Vale also provides a rubric and a sample piece students can use as a model (I sent a copy of this home with each student in the beginning of the year so they knew exactly what was expected of them each week). Additionally, they provide a blank template so that you can create your own AoW using the same format.

I have become a giant fan of the AoW... I actually can't imagine going back to more traditional homework. So, folks at Vale Middle School, from the bottom of my heart, THANK YOU!! You are amazing! Keep up the great work!

Ever try using the Article of the Week in your classroom? Think you might give it a try? I'd love to hear from you!!

Happy Teaching!!

(And Happy Holidays! This might be my last post until the new year because, you know, drowning and everything!! Thanks for reading, and I'll see you bright and early in 2016!!) 

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UPDATED: Here is a copy of the simplified rubric that I use to grade the AoW. You can right-click to print :)




Monday, December 7, 2015

Sub Kits


It's Always the Little Things That Are Such Game-Changers!!



On the Sunday evening after Thanksgiving, the unspeakable happened... two of my children started vomiting! Within hours, three of my four kiddos were down-and-out with a nasty stomach bug!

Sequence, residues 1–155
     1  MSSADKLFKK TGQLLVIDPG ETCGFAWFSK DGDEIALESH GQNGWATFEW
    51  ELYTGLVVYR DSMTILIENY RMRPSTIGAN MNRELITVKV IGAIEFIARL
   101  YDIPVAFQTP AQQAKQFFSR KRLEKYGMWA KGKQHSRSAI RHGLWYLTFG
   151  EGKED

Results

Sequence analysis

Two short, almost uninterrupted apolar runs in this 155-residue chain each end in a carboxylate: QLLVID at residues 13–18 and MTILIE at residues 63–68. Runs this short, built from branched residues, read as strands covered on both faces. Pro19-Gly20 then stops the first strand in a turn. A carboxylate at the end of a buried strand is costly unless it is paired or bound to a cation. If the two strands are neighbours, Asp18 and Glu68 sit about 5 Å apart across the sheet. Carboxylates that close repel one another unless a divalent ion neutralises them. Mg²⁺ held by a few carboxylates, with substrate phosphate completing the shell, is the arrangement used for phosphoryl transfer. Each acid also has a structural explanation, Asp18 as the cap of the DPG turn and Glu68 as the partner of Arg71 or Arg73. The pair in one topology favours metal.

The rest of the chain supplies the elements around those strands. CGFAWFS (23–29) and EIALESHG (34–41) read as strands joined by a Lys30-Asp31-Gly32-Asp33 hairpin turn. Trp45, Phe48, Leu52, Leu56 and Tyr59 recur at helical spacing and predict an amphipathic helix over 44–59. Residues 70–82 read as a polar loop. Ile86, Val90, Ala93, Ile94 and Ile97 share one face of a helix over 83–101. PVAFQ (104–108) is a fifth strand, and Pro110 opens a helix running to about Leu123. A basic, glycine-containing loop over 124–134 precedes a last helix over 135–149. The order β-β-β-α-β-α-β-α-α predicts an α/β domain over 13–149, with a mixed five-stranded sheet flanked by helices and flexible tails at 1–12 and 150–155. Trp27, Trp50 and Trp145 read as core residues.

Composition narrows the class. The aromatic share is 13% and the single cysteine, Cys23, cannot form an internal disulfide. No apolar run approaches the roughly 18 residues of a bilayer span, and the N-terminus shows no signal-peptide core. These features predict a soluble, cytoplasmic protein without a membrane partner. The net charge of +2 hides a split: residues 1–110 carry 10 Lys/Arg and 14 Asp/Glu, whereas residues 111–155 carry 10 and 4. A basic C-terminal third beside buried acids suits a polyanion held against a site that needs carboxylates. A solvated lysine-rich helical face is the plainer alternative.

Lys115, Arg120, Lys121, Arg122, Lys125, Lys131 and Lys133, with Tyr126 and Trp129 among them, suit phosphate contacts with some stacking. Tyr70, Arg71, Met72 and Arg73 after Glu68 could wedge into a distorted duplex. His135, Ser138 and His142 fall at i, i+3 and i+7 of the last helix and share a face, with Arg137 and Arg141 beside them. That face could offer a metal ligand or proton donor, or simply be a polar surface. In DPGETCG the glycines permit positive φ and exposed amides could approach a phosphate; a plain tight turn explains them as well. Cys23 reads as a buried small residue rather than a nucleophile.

Stomach bugs are the things of nightmares. Especially, when you have four kids, two of whom are too young to make it to the bathroom.

I spent the better part of Sunday night and the wee hours of Monday morning doing laundry, rubbing backs, doing laundry, syringing teaspoons of Pedialyte into sleepy mouths, doing laundry, and applying cool compresses to feverish heads. But, you know what I didn't have to spend a minute doing?!?! Writing sub plans!! Because this year, I made myself a slammin' sub kit and, ladies and gentleman, I can say for sure that this is a game-changer!!

Leaving sub plans is the worst. It's actually worse than the worst. They take me hours... and usually, like in the case of last week, I do not have hours to spare to put them together.

And then, despite how wonderful your sub might have been, it's rare that the plans you spent hours putting together have been implemented to the point that adequate work has been produced.